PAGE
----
Mike Madrid, a Republican consultant in Sacramento, said Camejo's opening 
lies among the third or more of Latino voters who say in surveys that they 
dislike both Davis and Simon.

"I've never seen it that high,'' said Madrid.

But he said that Camejo's firebrand politics could also turn them off. 
Camejo, who was the Socialist Workers Party candidate for president in 
1976, favors decriminalizing marijuana ``and taxing the hell out of it'' 
and abolishing the tough-on-crime ``three strikes, you're out'' law.

"Most Latino voters are not leftist radicals with some extreme agenda,'' 
Madrid said.

Camejo, 62, hasn't had this much fun since his days as a University of 
California-Berkeley campus radical, when then-Gov. Ronald Reagan named him 
one of the 10 most dangerous people in California, an honor that Camejo 
still lists in his Green Party campaign literature.

But these days Camejo saves his invective for Davis, whom he calls 
"personally corrupt.'' Camejo is incensed over what he says are Davis' 
attempts to keep him out of governor's debates.

"They are doing what they can to prevent the Greens from being heard, 
instead of trying to defeat us on the issues,'' Camejo said. ``I consider 
that really immoral.''

Of Simon, who is also an investor, Camejo says, ``I like him.''

"He's the type of person I wouldn't mind going out for coffee with, 
discussing things. Davis, on the other hand, his attitude is total 
disrespect for me.''

Camejo's potential to muck things up for Davis hasn't been lost on Simon's 
campaign manager Sal Russo. He has written a letter to Davis' campaign 
chief Garry South, saying Camejo should be included in the debates because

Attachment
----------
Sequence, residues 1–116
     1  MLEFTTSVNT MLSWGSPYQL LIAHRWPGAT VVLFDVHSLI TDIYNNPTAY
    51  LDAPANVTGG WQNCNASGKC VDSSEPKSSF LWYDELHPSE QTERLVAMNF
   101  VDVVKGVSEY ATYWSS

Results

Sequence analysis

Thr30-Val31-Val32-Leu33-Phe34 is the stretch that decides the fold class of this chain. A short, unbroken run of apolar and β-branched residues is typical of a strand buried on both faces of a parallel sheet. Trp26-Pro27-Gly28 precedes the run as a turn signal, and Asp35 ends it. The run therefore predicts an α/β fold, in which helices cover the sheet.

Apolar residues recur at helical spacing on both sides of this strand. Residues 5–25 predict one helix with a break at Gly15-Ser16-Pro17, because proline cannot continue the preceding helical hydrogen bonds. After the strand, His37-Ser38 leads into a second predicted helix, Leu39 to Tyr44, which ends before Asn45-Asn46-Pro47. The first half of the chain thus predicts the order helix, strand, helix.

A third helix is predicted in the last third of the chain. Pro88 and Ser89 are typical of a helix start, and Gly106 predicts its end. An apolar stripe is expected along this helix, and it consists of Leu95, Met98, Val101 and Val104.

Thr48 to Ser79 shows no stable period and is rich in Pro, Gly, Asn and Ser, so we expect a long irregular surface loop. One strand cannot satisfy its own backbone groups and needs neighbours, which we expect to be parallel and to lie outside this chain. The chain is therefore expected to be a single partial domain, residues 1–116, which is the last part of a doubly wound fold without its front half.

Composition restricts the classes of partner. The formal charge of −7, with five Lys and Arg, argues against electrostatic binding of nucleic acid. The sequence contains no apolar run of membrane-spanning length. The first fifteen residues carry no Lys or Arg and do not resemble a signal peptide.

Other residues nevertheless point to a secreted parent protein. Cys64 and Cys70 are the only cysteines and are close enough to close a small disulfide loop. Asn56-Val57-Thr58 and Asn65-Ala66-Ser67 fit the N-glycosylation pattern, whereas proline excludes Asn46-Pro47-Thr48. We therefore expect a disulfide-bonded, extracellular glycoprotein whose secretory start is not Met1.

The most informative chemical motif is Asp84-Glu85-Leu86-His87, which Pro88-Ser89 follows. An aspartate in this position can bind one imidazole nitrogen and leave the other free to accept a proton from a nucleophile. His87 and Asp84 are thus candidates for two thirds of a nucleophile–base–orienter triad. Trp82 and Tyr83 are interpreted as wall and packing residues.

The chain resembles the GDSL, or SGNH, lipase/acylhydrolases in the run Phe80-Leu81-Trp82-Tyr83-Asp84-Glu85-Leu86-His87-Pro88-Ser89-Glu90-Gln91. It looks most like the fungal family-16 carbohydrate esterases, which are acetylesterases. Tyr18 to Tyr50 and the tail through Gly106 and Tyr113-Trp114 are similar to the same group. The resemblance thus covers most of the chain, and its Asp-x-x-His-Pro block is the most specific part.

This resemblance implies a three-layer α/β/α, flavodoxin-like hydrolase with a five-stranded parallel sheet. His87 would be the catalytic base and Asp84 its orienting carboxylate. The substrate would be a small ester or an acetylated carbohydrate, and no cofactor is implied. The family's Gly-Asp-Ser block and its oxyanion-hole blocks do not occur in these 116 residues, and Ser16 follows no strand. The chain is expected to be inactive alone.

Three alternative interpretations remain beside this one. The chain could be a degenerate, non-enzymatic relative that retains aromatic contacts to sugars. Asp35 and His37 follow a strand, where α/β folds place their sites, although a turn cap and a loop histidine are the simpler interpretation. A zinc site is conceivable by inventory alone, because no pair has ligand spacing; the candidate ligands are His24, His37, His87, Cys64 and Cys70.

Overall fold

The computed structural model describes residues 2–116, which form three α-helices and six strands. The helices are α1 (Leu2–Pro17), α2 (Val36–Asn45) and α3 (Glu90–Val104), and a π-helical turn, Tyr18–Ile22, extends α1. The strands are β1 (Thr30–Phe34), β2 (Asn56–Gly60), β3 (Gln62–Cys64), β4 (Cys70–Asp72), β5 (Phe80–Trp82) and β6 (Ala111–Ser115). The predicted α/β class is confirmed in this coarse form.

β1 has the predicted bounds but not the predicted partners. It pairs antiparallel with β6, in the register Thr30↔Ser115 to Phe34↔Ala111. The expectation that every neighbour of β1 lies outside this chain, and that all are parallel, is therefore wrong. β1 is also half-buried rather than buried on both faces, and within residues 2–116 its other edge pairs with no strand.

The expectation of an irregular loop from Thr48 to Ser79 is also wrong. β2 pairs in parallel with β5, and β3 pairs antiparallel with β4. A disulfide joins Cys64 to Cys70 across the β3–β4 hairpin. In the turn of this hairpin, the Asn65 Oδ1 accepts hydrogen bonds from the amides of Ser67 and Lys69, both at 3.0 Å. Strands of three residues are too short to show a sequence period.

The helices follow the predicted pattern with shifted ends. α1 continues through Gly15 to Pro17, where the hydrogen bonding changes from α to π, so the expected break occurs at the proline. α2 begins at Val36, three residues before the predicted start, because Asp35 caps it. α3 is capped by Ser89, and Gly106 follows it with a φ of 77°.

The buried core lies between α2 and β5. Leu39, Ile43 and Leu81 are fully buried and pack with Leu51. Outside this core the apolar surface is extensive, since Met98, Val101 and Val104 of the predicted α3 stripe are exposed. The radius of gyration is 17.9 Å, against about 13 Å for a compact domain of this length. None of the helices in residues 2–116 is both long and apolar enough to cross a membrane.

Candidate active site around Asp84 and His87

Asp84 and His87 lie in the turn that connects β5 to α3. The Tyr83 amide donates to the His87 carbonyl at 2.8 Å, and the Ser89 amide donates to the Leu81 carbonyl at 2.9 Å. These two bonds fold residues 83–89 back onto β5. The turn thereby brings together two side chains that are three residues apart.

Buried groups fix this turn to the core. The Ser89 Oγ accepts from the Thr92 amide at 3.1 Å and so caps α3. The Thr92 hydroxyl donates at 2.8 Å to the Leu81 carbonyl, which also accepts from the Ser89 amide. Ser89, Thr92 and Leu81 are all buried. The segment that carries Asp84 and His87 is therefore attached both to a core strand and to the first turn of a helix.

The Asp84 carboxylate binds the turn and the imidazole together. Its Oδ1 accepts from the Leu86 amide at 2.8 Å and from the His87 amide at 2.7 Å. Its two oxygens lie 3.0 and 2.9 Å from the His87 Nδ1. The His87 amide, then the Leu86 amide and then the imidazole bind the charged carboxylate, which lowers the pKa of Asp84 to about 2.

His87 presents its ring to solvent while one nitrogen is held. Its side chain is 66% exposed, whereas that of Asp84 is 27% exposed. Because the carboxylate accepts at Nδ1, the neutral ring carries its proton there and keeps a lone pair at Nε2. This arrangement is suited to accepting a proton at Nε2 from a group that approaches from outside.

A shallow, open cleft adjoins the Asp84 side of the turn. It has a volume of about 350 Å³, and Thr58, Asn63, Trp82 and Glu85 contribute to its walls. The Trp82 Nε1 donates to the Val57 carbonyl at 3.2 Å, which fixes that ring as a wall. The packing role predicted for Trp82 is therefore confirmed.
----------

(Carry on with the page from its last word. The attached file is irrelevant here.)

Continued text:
of his 5 percent showing in the polls. South has not replied.

"Gray Davis has been extraordinarily responsive, to put it kindly, to his 
contributors and alienated a lot of his liberal base,'' Russo said. "Camejo 
is a very articulate liberal who I think will appeal to a lot of voters who 
can't bring themselves to vote for Gray Davis.''

The Greenlining Institute invited all three candidates to a debate in late 
September, but they have only heard back from Simon and Camejo.

"Davis never responded,'' Gamboa said. "I thought, if we do it, we should 
put up an empty chair.''

Davis spokesman Roger Salazar said the governor has limited time because of 
his responsibilities and is still considering which debates to attend. As 
the incumbent, Davis holds the cards. He is likely to be successful in 
keeping Camejo out of debates, effectively preventing him from getting his 
message out to voters.

Camejo -- who made about $300,000 last year -- is running his campaign on a 
shoestring. He's planning on a budget of $250,000 -- ``might even be less'' 
- -- made up of his own money and small contributions from Green Party 
stalwarts, a pittance compared with the $40 million to $50 million Davis 
and Simon are expected to spend.

Camejo acknowledges that his battle is uphill and rues his obscurity, 
especially among Latinos. "You go interview Latinos; they don't know I'm 
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MAP posted-by: Larry Stevens